What is an ADVO


According to Indigenous kinship cultures, the term “domestic relationship” also applies if both parties are Aboriginal.

Since 3 December 2016, the term ‘domestic relation’ now includes both a person’s current and former partner.

A private or police-initiated ADVO is possible.

Even if the victim is not in agreement with the order, the police can still issue an AVO.

How long is an ADVO valid?

The ADVO will last for the time stated in the court order, but it is not usual to last more than two years.

A domestic ADVO prohibits one party from engaging in certain activities, including visiting the home of the other or contacting them via email or phone.

These agreements are meant to protect one party from verbal or physical abuse, intimidation, or harassment.

A person who has had an ADVO brought against them is ordered not to.

The protected person(s) is/are assaulted or threatened.

The secure person(s) is/are being stalked and intimidated.

The property of the protected person or persons is damaged or destroyed.

A domestic violence order can include additional conditions, depending on the circumstances. It could be that an individual is prohibited from contacting or living with the person(s) protected.

A person with an ADVO can be prosecuted if they violate the conditions of the ADVO. They could also face jail time.

How to Apply for an ADVO

Here are the steps that you need to follow if you want to become an ADVO:

Contact the police. You can start the process either by going to a police station or by having them take your statement. They will then begin your application.

Sign and give a statement. You must provide a detailed report that includes the name of the accused, your relationship with them, and any other relevant information. This statement will require your signature.

The police will serve the application to the defendant: they will inform them that they could be facing an ADVO.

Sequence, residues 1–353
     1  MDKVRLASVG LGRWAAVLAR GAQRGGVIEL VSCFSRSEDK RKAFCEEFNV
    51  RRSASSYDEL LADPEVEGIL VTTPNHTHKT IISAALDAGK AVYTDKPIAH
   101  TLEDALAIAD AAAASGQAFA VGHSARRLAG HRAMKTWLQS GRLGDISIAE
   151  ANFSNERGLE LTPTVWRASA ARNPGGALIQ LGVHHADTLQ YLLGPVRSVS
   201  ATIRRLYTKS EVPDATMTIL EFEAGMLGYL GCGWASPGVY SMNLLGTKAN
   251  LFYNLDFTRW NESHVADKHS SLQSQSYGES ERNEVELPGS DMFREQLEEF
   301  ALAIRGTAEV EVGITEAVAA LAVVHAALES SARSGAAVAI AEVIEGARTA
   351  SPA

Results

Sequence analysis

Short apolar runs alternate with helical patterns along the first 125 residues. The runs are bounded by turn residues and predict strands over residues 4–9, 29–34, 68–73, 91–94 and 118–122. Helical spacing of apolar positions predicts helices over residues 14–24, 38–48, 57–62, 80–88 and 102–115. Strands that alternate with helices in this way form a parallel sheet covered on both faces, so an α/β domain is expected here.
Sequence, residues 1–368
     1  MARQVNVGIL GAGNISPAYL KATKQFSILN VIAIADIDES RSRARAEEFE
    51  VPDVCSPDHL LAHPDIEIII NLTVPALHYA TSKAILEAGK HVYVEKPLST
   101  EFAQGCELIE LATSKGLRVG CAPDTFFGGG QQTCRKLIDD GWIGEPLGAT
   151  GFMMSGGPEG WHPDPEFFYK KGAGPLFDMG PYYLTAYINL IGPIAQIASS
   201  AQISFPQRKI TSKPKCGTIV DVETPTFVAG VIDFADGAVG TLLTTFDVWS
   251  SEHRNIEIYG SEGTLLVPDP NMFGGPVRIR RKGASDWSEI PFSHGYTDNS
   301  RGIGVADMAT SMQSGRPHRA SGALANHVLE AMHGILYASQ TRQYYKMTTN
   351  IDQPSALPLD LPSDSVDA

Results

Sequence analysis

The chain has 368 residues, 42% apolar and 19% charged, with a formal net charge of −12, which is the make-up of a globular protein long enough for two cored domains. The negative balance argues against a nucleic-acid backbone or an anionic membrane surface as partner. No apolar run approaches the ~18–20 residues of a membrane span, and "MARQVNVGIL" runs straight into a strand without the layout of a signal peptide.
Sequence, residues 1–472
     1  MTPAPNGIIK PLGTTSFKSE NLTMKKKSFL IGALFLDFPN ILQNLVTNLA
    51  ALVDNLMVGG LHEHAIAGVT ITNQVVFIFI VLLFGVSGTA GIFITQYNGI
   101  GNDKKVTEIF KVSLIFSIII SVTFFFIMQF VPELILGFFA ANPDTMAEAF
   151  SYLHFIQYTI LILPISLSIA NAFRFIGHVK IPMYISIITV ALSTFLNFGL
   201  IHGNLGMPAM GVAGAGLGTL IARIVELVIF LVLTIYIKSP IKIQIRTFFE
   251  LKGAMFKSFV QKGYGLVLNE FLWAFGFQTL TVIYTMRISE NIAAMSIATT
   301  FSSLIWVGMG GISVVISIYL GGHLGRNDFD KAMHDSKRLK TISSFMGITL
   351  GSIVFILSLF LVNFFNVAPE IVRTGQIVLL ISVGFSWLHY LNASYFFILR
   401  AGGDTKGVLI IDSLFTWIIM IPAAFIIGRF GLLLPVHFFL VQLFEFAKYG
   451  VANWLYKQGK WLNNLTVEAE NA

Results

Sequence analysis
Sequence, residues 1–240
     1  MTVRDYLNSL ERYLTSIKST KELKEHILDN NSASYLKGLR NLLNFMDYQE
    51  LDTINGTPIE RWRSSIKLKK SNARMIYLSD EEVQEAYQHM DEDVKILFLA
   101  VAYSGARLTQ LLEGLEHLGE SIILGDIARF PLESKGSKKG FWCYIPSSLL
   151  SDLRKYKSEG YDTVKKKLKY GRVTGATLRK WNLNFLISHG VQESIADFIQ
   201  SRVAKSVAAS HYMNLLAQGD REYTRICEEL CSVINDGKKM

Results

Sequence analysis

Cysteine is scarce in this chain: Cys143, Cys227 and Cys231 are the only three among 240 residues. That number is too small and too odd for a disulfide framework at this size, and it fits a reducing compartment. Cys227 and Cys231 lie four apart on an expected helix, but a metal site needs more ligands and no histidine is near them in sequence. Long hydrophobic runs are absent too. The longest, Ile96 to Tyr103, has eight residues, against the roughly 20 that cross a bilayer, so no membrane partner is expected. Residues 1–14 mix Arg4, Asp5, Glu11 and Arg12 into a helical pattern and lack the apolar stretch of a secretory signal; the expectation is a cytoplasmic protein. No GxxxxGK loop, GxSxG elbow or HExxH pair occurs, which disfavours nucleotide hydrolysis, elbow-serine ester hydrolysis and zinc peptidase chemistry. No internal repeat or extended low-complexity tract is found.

Attend court: Attend the court to finalize your application.

There are two main types of ADVOs.

ADVO can be when the police request on your behalf.

Second, you can apply for an ADVO yourself by submitting a private request to the court.

Advocacy: Defending an ADVO or removing it

You are not prohibited from contacting or seeing the person who is protected if you have been named as an ADVO defendant.

If you already have an ADVO in your record, this could impact you later, especially if you want to obtain child custody rights.

You can, therefore, contest or defend an ADVO simply by replying to the application. You can appeal a final decision within 28 days, even if it is a court order.

Let’s begin with defending an ADVO before a final decision is made.

You can request an adjournment to the court to get legal advice and buy yourself some time.


You can file a cross-application against the protected person. This means you are essentially serving an ADVO to them. You will need to show that you are afraid of the person you’re suing and have a good reason for it.

It is wise to consult an attorney before filing a cross-application.

Response to an ADVO Application

The protected person doesn’t have to prove you did anything to them. They only need to show that they are afraid of you.

You can do this by:

Give the court an undertaking. This is a promise that you will follow or refrain from certain actions.

You will need to contest the ADVO, which means you’ll have to argue what actually happened in order for the applicant’s claims to be proven false.

Consent without admission to the ADVO – This is when you accept the ADVO’s terms but disagree with its facts.

Orders for the recovery of property

Property recovery orders are court orders that allow you to recover personal items from the defendant or person(s) protected.

In most cases, the police will be with you as you collect your items.

You can appeal a court order against you if you appear in court. The District Court will hear your appeal within 28 days.

You will need to complete an Appeal Notice and pay the fee.

You will need to file a separate application to “stay” an ADVO.

Effect of ADVO on Parenting Orders

You will be interested to learn if ADVOs can impact your family law case and your relationship with children.

When parenting proceedings are initiated in the Federal Circuit Court of Family Court, a court is required by law to take into account any allegations made about family violence before deciding for the children.

If you’ve received an ADVO recently, you may be wondering – “what is it and how does that affect my time spent with my children?”

Please note that the Federal Circuit Court & Family Court orders override any restrictions or charges in ADVOs.

If an ADVO prevents you from spending time with your family, but the Federal Circuit & Family Court issues an order allowing you to do so, then you must follow the Family Court’s orders.

You can attach the court orders from the Federal Circuit Court & Family Court to the ADVO so the Local Court knows that another order is overruling conditions.

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